The Spinas’ practice appeared to be well run and respectable. But a multiagency investigation conducted by the FBI, the U.S. Department of Health and Human Services (HHS) and the Office of the New York State Comptroller revealed the depths of a massive, seven-year-long financial conspiracy. It was an illicit operation that raked in millions of dollars from Medicare and private insurance companies including Allstate, Nationwide and Travelers. And it was a scheme that put patients’ health at risk. “Some of them became unconscious” while undergoing treatments, said Susan Frisco, an HHS special agent. “One died.”
‘An enormous burden to taxpayers’
The sad truth is that the crimes committed at Dolson Avenue Medical — crimes like double billing, unnecessary treatments and lethal malpractice — are anything but rare in our arcane and exploitable health care system. The Spina case is not an outlier; it is simply one example of an everyday occurrence. Health insurance fraud costs the U.S. economy an estimated $36.3 billion annually, according to the Coalition Against Insurance Fraud, an advocacy group comprising government agencies, insurance organizations, district attorneys, consumers and others.
Some experts suspect the losses could be substantially higher. “It’s a colossal waste of money and an enormous burden to taxpayers,” said Malcolm Sparrow, a Harvard University fraud control scholar and author of the book License to Steal: How Fraud Bleeds America’s Health Care System. “Medicare costs go up, resulting in higher taxes and higher copays. The bleeding goes on, year after year after year.”
When I first came across a press release about the Spinas’ illicit operation and Dillinger’s death, I was astonished. How does something like this happen? How can it go on for years before authorities put a stop to it? To investigate, I combed through thousands of pages of legal documents; attended multiple court hearings; interviewed health, legal and law enforcement experts and witnesses; and corresponded with the imprisoned Jay Spina, whom the government deemed the mastermind of the operation. As a result, I’ve learned not only how easy it is to cheat Medicare and other health insurers but also what some people will do to enrich themselves this way, often putting others at grave risk.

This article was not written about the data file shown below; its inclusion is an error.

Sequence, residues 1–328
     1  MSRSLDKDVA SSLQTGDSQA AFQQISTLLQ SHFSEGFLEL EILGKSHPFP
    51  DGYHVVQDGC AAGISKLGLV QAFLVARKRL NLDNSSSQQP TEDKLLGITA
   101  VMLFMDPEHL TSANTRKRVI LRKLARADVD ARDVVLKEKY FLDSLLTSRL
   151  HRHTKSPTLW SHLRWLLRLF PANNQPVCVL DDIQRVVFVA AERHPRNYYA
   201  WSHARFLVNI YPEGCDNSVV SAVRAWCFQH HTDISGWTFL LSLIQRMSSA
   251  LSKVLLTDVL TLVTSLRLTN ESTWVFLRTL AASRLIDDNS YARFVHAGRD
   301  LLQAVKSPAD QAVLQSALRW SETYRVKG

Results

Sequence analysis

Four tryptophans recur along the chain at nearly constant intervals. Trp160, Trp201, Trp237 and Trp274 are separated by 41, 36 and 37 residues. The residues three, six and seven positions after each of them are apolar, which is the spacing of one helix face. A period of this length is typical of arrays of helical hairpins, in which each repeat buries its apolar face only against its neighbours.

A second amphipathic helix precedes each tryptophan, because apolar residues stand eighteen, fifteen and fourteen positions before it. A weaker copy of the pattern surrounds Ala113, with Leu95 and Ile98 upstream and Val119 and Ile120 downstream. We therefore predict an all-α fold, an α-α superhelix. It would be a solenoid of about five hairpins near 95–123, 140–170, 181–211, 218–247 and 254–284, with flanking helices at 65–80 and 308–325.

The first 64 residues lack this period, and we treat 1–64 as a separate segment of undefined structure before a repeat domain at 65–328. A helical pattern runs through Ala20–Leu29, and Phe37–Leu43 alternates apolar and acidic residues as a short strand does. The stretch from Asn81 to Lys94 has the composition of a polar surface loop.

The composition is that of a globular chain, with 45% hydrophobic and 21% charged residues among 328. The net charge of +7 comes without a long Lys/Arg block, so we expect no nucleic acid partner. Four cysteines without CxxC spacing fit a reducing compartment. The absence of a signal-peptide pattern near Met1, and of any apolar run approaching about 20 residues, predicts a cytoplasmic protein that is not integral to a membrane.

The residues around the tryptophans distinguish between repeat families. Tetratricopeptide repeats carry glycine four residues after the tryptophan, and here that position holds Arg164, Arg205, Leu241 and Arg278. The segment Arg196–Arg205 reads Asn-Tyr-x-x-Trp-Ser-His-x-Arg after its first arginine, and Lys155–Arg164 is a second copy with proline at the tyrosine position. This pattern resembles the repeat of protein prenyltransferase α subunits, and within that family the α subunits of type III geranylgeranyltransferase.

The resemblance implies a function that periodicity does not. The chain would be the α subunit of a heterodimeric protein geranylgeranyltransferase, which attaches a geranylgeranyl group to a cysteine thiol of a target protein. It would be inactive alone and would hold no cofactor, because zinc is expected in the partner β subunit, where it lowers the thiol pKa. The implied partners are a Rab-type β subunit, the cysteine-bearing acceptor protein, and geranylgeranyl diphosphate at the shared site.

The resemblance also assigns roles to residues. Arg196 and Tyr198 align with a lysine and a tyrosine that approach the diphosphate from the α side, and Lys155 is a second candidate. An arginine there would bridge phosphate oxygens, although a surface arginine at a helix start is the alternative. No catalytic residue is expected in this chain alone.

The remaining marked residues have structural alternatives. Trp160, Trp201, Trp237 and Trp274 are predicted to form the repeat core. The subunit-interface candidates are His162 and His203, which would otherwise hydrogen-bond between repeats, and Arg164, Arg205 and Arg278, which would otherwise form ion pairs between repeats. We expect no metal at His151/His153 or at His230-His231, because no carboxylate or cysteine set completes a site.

Behind the scam: a chiropractic dynasty
Chiropractic has been a family affair for the Spinas going back more than five decades. Jay and Jeff’s father, James Spina Sr., opened a chiropractic clinic in 1968 in Liberty, New York, a Revolutionary War–era town about 100 miles northwest of Manhattan. James’ four sons — Jay, Mark, Jeff and David — all followed his career path. A local newspaper story once counted eight chiropractors in their extended family, with a total of 225 years of experience. “Spina,” appropriately enough, is Latin for spine.
“My dad practiced the old-fashioned way,” Jay wrote to me in a letter. “People paid what they could afford, or what they felt was right.” He said his father often told him, “Your right hand is your service hand, and your left hand is your money hand. Always make sure you lead with your right. When you lead with your left, you have gone off the rails.”
In 1986, the family expanded the business, opening the office in Middletown, about 65 miles from New York City. Jay ran the business operations. Jeff became Jay’s partner.
Jay had a vision for the business that went well beyond chiropractic. “Patients would return to the office and say, ‘You guys do this so good. … You should do physical therapy and rehabilitation services here,’ ” he told me. But under New York state law, chiropractors are licensed only to treat spinal misalignments; they can’t employ other types of health care providers or benefit financially from referrals.